Topic: Tax and Budget Policy

Scottish Independence: Not That Big a Deal in Today’s World

Yesterday, my colleague Doug Bandow blogged about Scottish independence, concluding with the following: “Whatever the Scots choose on September 18, Americans should wish them well.” I just wanted to add a quick point here, drawing on something law professor Eric Posner said on this issue: “the benefits of a large country—mainly, security and a large internal market—are of diminishing significance in a world of free trade and relative peace.”

To me, this is a very important consideration. If Scottish independence meant an increased chance of war or high tariffs designed to separate the Scottish market from the rest of the world, it would be worrying. But those seem unlikely. In terms of war and peace, there have been no Mel Gibson sightings that I’m aware of. On trade, there may be some bureaucratic challenges, but it seems clear the goal is for Scotland to join the EU and be part of its large, single market. As for trade with the rest of the world, Scotland will take on the EU’s trade policy–which is not perfect of course–but has followed the trend toward liberalization that the rest of the world has pursued over the past few decades. In all likelihood, Scotland will continue to search for export markets for its whisky and allow the free flow of imports.

If Scottish independence meant it would become like North Korea, I’d be concerned. But it doesn’t seem like that’s the path it is on. With the exception of a few regions, we live in a highly integrated, peaceful world. Scottish independence would not change that.

The Naked Truth about TSA Spending

Governments tend to spend money on low-value activities because they do not have market signals or customer feedback to guide them. In this report, I examined the problem with respect to the Transportation Security Administration. As one example, TSA’s SPOT program for finding terrorists spends more than $200 million a year with few if any benefits.

Further confirmation of TSA’s misallocation problem comes from a new academic study looking at the full-body “nudie” scanners installed in U.S. airports at great expense between 2009 and 2013. A team of university researchers bought a Rapiscan Secure 1000 backscatter X-ray machine and began testing it on various types of weapons and explosives. It turns out that a terrorist could fool the machines pretty easily:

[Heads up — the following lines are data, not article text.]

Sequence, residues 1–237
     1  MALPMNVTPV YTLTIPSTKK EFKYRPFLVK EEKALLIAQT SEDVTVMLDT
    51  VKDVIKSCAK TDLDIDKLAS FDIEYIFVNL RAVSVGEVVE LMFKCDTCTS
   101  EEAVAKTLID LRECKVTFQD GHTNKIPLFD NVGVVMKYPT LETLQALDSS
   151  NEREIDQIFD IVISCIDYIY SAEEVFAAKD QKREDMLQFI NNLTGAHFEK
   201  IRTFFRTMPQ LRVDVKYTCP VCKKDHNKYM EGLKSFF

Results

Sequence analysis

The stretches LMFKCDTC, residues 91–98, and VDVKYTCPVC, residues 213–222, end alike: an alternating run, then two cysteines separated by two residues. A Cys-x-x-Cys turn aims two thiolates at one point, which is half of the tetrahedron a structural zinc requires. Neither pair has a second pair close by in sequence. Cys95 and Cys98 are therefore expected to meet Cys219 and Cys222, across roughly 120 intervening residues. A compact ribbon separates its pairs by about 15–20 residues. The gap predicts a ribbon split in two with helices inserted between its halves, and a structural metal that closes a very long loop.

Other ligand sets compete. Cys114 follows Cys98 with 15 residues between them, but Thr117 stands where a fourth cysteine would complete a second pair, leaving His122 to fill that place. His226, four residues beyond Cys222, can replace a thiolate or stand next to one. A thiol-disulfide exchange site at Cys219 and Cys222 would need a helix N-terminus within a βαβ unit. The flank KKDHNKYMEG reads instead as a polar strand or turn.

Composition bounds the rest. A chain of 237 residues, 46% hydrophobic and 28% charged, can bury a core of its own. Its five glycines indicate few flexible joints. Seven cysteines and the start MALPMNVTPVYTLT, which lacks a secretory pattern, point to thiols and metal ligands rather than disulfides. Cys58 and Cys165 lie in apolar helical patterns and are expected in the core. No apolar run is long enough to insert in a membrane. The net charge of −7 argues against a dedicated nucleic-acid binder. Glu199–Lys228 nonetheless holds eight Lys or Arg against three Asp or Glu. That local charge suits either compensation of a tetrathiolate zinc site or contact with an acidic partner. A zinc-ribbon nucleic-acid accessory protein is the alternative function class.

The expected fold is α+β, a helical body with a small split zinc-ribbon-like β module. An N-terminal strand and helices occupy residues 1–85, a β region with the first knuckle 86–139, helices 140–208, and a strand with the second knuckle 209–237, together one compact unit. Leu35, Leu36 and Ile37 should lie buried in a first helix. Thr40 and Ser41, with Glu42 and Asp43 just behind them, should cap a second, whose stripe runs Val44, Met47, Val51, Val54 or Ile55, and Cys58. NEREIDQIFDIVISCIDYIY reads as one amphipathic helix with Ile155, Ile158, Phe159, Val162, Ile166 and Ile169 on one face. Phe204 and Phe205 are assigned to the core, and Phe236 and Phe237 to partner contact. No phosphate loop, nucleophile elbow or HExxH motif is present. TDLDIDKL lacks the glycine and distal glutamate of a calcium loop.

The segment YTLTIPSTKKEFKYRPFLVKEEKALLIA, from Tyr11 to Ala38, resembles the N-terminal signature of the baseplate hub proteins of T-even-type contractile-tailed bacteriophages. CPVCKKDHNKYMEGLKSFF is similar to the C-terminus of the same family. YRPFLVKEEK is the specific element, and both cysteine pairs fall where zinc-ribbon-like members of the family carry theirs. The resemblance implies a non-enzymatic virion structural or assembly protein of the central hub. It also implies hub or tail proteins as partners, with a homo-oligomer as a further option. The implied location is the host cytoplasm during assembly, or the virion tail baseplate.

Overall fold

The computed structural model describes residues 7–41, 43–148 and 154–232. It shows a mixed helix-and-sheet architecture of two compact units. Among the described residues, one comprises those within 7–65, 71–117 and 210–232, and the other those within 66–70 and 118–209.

We find that the system provides weak protection against adaptive adversaries: It is possible to conceal knives, guns, and explosives from detection by exploiting properties of the device’s backscatter X-ray technology.

If you walked though the machines with a big block of C-4 plastic explosive in your hands, it would be detected. The problem, of course, is that terrorists are smarter than that:

We show that an adaptive adversary, with the ability to refine his techniques based on experiment, can confidently smuggle contraband past the scanner by carefully arranging it on his body, obscuring it with other materials, or properly shaping it. Using these techniques, we are able to hide firearms, knives, plastic explosive simulants, and detonators in our tests. These attacks are surprisingly robust, and they suggest a failure on the part of the Secure 1000’s designers and the TSA to adequately anticipate adaptive attackers.

The Rapiscan machines were pulled from U.S. airports due to concerns about civil liberties and the possible health effects of emitted radiation. But as one of the study authors observed to Bloomberg: “What does this say about how these scanners were tested and acquired in the first place? … It says there’s something wrong with the government’s process … [the process] is secret and not independent. Those are problems.” It’s also a problem that the government has a monopoly on aviation security, and that TSA is not accountable to anyone for its level of efficiency or performance. Well, it’s accountable to Congress I suppose, but that doesn’t really amount to much these days.